Where do producers..

Rubs90

KeyControl
VIP Junglist
Messages
2,023
Likes
5
#1
... usually get their background sounds from? In a common dnb intro, besides the drums you usually have a song / sample being looped, like a violin, a piano or even both combined making a sort of "song"

I've been working hard on this recently but cant get my head around it
 

safety

double safety
VIP Junglist
Messages
6,366
Likes
29
#5
clue is in the name "sample"

they take samples from anywhere, film, other music, anything you can find on the internet. that crystal clear trumpet is almost certainly taken from a film soundtrack. they are very good sources for music without other elements underneath, like drums and that
 
B

BDS

Guest
#10
clue is in the name "sample"

they take samples from anywhere, film, other music, anything you can find on the internet. that crystal clear trumpet is almost certainly taken from a film soundtrack. they are very good sources for music without other elements underneath, like drums and that

not neccesarily that brass line sounds very much like it was made in sax lab.

thats a vst btw.
 

groelle

Well-Known Member
VIP Junglist
Messages
5,485
Likes
90
#11
are we talking about leads/hooks here? load up your sampler or synth and write your own - that's what i do...
this. nothing wrong with sampling, but searching for something that fits seems to be too time intensive imo. if you found something and get an idea from that, its different.
 

kama

benkama.net
VIP Junglist
Messages
2,767
Likes
48
#12
If you cant find any suiting your needs, try to make your own too.

Lowpassing a lush pad produces interesting results, kind of anticipating something.

Reversing piano hits with revertb is always an eerie way of saying "tings is mad in here"

Timestretching something to oblivion can produce incredible ambient backgrounds.

Using single hits but having them run into a massive reverb and removing the dry part is like making love to a sound. Then reversing the hit (if it is a longer one) you'll get a sweep sound like no other.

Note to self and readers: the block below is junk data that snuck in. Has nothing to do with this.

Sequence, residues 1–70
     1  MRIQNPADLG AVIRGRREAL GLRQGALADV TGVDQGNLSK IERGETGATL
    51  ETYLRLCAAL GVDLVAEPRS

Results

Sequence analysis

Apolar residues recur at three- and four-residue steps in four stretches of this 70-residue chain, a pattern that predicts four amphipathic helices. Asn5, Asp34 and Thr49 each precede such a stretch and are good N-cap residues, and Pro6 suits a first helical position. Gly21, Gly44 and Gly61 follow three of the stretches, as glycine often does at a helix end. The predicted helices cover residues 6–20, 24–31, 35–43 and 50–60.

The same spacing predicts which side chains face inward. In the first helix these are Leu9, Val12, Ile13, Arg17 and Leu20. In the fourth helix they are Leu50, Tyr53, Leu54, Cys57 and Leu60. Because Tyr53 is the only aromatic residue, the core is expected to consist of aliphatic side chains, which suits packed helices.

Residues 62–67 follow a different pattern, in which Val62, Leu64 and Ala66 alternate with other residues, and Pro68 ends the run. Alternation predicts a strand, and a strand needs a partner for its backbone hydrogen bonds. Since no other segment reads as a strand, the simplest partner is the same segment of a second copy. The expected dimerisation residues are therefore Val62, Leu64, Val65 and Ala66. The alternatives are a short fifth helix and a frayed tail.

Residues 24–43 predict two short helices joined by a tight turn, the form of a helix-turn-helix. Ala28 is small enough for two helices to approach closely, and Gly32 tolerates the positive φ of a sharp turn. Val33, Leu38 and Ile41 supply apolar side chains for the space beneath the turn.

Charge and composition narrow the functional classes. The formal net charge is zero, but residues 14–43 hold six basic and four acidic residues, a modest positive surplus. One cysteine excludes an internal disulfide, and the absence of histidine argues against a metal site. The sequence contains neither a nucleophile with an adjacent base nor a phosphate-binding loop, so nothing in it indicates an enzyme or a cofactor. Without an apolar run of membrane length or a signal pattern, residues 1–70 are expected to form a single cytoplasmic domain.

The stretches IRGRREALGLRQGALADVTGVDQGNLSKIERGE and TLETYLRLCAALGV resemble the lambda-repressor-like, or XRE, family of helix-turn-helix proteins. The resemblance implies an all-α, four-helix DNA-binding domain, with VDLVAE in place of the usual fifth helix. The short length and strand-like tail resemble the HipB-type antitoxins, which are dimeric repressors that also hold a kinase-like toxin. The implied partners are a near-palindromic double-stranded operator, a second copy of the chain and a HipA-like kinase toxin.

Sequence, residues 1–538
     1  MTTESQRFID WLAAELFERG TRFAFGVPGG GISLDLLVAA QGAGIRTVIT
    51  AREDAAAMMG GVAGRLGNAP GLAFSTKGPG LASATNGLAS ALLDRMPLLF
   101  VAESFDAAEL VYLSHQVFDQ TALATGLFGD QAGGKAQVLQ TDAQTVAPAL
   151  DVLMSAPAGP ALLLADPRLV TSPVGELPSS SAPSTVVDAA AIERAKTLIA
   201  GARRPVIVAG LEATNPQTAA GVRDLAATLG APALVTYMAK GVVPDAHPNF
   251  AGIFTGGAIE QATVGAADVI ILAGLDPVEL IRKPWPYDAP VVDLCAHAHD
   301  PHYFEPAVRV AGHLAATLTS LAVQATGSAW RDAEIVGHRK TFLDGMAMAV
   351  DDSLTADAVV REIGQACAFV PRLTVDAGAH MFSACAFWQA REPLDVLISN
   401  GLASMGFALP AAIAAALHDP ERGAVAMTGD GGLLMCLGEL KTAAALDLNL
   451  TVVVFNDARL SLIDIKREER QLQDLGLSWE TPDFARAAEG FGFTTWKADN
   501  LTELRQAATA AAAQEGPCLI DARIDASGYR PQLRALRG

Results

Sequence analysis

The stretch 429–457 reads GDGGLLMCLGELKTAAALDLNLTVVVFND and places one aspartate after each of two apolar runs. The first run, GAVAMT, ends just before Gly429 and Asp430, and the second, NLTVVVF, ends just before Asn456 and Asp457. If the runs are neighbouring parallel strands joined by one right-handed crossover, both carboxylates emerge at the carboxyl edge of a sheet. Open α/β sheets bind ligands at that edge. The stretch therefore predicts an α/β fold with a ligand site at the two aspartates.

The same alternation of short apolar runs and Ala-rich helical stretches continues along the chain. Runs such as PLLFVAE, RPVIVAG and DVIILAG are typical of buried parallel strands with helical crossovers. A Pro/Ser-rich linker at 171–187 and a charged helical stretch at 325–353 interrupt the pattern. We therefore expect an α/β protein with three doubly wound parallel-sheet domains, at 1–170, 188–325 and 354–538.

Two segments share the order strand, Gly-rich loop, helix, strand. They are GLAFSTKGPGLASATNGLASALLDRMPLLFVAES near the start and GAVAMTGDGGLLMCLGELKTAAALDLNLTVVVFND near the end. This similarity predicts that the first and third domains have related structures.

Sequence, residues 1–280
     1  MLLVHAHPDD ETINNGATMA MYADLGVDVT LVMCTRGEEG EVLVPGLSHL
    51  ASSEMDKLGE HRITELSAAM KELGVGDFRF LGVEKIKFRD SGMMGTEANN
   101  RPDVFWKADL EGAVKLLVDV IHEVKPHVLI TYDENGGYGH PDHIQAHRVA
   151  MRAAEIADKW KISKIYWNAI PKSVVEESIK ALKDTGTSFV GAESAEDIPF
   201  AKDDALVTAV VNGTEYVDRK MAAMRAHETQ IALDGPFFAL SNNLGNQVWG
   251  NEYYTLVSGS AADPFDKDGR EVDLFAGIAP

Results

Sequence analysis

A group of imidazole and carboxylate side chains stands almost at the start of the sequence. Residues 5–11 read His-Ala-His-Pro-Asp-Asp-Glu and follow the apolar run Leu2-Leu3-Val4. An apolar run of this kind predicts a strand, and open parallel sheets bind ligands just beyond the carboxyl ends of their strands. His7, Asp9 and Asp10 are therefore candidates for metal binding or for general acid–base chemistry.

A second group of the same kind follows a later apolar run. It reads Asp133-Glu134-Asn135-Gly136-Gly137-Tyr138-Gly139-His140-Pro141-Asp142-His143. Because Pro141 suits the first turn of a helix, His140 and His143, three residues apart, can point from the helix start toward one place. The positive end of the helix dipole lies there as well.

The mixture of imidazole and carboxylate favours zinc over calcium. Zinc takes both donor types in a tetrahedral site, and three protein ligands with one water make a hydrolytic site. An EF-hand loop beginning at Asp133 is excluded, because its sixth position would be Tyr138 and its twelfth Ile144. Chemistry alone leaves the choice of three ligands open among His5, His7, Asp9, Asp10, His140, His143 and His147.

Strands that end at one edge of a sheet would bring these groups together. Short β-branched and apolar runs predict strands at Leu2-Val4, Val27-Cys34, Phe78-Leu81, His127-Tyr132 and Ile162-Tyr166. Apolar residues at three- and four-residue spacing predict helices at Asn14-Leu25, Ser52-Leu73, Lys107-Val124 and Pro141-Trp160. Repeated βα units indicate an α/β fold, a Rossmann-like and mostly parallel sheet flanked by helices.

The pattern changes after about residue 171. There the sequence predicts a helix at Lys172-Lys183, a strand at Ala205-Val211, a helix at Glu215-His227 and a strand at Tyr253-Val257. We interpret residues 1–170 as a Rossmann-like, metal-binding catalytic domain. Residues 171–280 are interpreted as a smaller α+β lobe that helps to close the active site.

Try also short delays with huge feedbacks. Be careful and watch your ears tho, dont let the resonance get the best of it. This is an excellent way of filling a background if you find a sample that goes well in key with the rest of the tune.
 

dj-dusty

Member
VIP Junglist
Messages
904
Likes
1
#15
find an old tape or cd with loads of classical intruments or even get a few film soundtracks and look through em.

What i do is every time i watch a film, i remember or jot down the time of the film where there is either a peice of music or a vocal i will want to use, then buy the film or borrow it and chop it out and sample it.

Works better if you put other instruments with it though, try and get it to sound like somthing brand new instead of you just ripping it straight from a film
 

Riisu

Not the Preacher Man
VIP Junglist
Messages
7,304
Likes
226
#16
you can get audio libraries on vinyl (which you obviously have to sample to your computer) but it'll get you that instant 'analog warmth'


propers to sabre on that tip.
 

Rubs90

KeyControl
VIP Junglist
Messages
2,023
Likes
5
#17
Since I'm a great fan of film scores, I found this to be easier then I expected and found some good loops I'd like to sample.. problem is when I try to chop it off and put them into FL studio I never get the result I want.. either the beginning is too forced and when the loop goes back to the beginning there's this huge clang or it's either too fast or too slow

Any help on this?
 
Top